According to the LNG Outlook recently published by Shell, things look good for solid growth in the liquefied natural gas industry through 2030, though some indicators in 2016 briefly called that projection into question.
Many expected that the large increase in new LNG supplies last year—most notably from Australia— would outpace demand. But several factors prevented that from happening, including:
- Higher than expected demand from China and India
- The addition of six new LNG importing countries: Columbia, Egypt, Jamaica, Jordan, Pakistan, and Poland
Commenting on that turn of events, Maarten Wetselaar, Integrated Gas and New Energies Director at Shell, said, “Global LNG trade demonstrated its flexibility time and again in 2016, responding to shortfalls in national and regional gas supply and to new emerging demand.”
Based on that trend, Wetselaar said, “LNG demand is set to grow at twice the rate of gas demand, at 4 to 5% a year” from now through 2030.
Additional factors affecting LNG growth
In spite of competition from renewable energy sources like wind and solar, the global LNG market is expected to remain bullish. And Shell isn’t alone in this assessment. Solomon Associates, a provider of advisory services to the global energy industry, predicts that “global liquefication capacity could reach 85 billion cubic feet per day in 2025, up from 41 bcfd in 2016.” Future demand, it’s predicted, will be driven by:
- Governmental policies
- Floating storage regasification units
- A region’s need to replace its declining gas production
- The ability of the LNG trade to meet the evolving needs of buyers, including short-term and lower-volume buyers
LNG in the big picture of things
For countries attempting to grow economically while still addressing environmental concerns, the ability of natural gas to partner with renewables makes it an attractive energy option. When the sun doesn’t shine or the wind doesn’t blow, natural gas can be counted on to provide reliable power.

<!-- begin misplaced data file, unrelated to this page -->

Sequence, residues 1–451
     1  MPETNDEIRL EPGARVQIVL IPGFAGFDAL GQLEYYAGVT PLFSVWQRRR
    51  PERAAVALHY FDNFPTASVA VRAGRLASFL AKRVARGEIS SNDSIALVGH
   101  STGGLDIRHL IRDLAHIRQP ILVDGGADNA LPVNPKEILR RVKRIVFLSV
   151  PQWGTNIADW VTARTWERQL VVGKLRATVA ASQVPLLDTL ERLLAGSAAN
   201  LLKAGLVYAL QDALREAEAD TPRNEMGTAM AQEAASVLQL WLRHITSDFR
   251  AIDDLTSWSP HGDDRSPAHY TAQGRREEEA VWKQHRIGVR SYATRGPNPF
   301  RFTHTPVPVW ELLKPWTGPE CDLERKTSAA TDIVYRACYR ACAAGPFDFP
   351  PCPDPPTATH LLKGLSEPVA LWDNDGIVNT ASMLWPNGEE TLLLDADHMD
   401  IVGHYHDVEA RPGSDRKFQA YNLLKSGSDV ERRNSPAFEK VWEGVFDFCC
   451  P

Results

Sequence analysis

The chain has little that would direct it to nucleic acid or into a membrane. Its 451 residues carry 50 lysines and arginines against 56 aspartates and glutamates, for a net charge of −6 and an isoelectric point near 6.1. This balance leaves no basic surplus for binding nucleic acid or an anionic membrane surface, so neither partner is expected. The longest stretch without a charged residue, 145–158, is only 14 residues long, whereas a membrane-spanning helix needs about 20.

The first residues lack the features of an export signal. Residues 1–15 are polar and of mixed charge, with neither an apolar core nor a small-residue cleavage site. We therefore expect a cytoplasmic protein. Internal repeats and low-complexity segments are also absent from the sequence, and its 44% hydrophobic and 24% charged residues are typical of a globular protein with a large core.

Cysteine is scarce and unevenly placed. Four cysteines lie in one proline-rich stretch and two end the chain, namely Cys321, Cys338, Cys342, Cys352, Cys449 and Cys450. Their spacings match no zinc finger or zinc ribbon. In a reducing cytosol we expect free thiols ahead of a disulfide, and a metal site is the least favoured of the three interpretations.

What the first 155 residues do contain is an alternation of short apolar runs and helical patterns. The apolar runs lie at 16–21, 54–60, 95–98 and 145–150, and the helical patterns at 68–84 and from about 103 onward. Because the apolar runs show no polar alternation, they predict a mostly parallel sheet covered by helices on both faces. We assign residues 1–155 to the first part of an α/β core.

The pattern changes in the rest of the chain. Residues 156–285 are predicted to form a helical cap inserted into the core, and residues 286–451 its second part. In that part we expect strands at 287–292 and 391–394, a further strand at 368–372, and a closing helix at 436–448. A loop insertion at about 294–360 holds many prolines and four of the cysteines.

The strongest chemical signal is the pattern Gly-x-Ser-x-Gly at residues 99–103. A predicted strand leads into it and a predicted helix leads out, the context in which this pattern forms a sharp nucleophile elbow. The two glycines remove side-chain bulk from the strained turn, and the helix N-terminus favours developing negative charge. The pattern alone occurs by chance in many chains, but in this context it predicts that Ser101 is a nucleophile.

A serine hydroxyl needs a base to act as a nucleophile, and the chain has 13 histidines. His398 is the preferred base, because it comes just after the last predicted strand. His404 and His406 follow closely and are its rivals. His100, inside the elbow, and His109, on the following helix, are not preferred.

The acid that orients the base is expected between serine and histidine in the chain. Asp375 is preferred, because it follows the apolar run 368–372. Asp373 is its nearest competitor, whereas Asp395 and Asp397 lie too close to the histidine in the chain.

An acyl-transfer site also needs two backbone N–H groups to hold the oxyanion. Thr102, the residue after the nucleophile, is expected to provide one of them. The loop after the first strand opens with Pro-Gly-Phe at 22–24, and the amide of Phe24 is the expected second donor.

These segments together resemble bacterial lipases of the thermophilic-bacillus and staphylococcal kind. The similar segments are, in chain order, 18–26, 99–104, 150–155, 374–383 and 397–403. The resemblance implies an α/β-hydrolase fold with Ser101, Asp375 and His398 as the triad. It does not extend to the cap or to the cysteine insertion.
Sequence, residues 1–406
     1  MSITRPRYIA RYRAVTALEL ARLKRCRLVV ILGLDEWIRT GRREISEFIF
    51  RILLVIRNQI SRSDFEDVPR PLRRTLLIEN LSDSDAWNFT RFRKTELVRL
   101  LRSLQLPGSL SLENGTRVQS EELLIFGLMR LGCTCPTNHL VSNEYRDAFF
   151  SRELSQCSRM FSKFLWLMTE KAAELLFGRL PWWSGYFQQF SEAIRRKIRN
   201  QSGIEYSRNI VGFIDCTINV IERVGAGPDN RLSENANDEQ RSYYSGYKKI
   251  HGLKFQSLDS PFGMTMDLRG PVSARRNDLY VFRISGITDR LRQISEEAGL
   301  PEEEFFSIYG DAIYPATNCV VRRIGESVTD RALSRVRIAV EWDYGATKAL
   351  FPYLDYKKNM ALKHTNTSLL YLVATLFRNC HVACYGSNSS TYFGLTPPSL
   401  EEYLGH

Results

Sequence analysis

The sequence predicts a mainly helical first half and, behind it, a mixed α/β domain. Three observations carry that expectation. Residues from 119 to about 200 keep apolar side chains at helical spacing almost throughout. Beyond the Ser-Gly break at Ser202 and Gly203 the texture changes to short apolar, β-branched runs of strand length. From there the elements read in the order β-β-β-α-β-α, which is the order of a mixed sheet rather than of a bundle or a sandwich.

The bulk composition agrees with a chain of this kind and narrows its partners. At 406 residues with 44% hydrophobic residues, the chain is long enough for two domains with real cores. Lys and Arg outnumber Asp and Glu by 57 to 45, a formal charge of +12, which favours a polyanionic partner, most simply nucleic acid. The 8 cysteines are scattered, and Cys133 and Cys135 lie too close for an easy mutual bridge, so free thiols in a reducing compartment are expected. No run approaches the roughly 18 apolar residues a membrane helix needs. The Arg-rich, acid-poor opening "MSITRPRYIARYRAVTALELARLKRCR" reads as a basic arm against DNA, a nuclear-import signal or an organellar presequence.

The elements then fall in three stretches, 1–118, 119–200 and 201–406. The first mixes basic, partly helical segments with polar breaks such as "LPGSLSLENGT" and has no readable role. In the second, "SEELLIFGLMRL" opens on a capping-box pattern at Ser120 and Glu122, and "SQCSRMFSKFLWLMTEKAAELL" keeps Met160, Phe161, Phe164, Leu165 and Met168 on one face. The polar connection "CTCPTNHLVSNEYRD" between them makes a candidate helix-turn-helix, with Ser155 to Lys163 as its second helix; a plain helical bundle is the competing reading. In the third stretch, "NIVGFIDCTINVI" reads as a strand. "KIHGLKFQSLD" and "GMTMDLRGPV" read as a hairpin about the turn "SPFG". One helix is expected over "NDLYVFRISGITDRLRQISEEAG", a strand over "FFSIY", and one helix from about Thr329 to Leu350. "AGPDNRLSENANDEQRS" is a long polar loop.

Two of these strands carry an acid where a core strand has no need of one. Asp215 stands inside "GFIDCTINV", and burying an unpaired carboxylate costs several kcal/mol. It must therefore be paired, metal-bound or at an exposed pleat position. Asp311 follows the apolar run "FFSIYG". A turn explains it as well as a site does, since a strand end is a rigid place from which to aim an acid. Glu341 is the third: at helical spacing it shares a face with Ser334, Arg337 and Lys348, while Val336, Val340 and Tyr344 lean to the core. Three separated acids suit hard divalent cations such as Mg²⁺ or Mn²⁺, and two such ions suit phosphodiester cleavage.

And in certain industries, natural gas typically emerges as the energy source of choice. In high-temperature applications, like steel production, gas is more effective than electricity. And for heating needs, it’s cleaner than coal.
But it’s the transport sector, including the shipping industry, that’s expected to play a super-sized role in LNG growth.
LNG and the shipping industry
Recognizing the environmental benefits of natural gas, global governments have created policies that are favorable to the demand for it. It’s been reported that the sulphur specification for fuel oil in the shipping industry, for instance, is set to reduce from 3.5% sulphur to just .5% by 2020.
“That means that the current shipping brokering of choice today, fuel oil, will no longer be an option without technological changes to the shipping and the introduction of bunkers and introduction of scubbers,” said Steve Hill, Shell's Executive Vice-President for the company’s gas and energy marketing trading arm. “Therefore, to meet new specifications, ship owners will need to look at alternative fuels, such as diesel, low-sulphur fuel oil, and LNG. And that clearly makes LNG more competitive in that space.”
In summary, economic, environmental, and policy indicators point in the direction of growth in the decades ahead for the LNG industry.